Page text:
Let's look at the following scenario: you have an object that should do something asynchronously. However, if the same action is required many times, you want to keep the order of the original calls. In other words, you want the object to keep an internal buffer of calls, and process them sequentially on a separate thread (all in the same thread that is different from the calling thread). We all know this simply as: a message loop.
This could be regarded as a specific case for a 1-thread threadpool. However, since it is a special case, you can make it much simpler than a fully functional threadpool. BTW, if you want a really well-implemented, feature-rich threadpool, you should definitely have a look at Ami Bar's Smart Thread Pool.
How does it work?
All calls are saved in an internal queue. The queue is emptied by one single thread in sequential order (FIFO), and each time an item is extracted from the queue, its corresponding action is executed. The objects in the queue hold a delegate to the method to be invoked and a state object, similar to ThreadPools.
To avoid overfilling the buffer, you can predefine a maximum buffer size. When the buffer reaches that size, any additional message is being dropped, until some free space is available on the buffer (the default size is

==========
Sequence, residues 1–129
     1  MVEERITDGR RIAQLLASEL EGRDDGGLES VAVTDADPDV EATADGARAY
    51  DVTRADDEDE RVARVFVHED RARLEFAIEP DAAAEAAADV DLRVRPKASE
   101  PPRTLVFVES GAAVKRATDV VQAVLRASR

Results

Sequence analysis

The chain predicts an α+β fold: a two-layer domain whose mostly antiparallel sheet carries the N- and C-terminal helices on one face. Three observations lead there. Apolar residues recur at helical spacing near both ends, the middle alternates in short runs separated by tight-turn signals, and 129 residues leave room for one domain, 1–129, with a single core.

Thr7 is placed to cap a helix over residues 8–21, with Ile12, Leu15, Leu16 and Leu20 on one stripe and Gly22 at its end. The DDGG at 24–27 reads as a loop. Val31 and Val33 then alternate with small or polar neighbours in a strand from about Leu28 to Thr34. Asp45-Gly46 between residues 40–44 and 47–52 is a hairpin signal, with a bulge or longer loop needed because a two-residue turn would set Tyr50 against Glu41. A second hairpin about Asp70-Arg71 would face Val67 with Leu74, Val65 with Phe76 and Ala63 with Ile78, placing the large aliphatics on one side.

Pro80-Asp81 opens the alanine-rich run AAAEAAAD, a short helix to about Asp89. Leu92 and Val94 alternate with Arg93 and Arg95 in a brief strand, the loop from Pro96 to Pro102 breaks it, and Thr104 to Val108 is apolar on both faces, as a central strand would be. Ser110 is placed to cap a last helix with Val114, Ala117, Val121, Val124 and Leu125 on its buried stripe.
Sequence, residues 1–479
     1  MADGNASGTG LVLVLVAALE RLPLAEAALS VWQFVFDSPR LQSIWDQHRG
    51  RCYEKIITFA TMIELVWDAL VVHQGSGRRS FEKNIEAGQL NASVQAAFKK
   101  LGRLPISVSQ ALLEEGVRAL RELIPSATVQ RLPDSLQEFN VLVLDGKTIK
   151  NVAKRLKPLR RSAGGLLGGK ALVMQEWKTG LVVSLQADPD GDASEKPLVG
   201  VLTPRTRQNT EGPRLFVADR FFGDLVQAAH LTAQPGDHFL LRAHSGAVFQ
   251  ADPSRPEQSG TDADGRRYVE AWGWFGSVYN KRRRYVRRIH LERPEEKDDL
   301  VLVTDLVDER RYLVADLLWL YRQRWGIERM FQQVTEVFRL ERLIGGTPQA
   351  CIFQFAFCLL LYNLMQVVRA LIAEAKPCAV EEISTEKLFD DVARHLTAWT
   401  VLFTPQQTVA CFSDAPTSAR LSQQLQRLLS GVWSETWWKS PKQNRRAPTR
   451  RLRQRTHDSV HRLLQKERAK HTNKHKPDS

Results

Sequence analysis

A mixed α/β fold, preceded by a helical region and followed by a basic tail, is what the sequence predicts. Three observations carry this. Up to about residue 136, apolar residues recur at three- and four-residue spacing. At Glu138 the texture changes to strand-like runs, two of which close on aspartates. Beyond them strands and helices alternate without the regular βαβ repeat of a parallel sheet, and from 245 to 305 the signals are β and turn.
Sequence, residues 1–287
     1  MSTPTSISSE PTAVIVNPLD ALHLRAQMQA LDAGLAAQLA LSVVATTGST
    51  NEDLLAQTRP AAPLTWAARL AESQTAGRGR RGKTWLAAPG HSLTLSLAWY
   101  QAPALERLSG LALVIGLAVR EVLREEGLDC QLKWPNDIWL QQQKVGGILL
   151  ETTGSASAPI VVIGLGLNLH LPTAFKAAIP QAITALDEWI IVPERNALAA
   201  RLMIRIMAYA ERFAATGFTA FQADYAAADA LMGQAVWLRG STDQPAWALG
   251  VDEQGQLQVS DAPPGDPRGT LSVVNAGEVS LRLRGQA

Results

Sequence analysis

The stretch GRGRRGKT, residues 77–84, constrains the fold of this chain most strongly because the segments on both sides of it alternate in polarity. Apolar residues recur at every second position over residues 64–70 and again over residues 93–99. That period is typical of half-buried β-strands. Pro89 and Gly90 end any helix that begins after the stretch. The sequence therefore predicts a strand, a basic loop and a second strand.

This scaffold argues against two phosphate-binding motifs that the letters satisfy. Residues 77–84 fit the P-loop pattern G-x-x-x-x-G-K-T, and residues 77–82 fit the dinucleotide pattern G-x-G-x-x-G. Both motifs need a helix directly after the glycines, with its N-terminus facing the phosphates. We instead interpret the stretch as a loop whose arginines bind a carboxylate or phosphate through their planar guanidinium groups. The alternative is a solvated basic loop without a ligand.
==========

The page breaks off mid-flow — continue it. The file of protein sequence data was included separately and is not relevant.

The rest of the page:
Where did I find it useful?
I have several places where I have to read messages from a MSMQ queue and do something upon receiving a message. Sometimes, the order of the messages is very important, and I should not start running with one message before the previous ones are completed. Another good example is with various logging mechanisms. With logging, the order of the messages is extremely important. However, you want the thread to return to the caller as soon as possible, in order to diminish the overhead of using logging. So using a message loop, I can put the message to the queue real fast, and log it in the background, hence providing asynchronous sequential logging.
What's in the demo?
The demo is really simple, it just shows you that the messages are indeed processed in the order in which they were added to the queue. As a contrast, you can unmark the line that sends the messages to the thread pool and see the difference.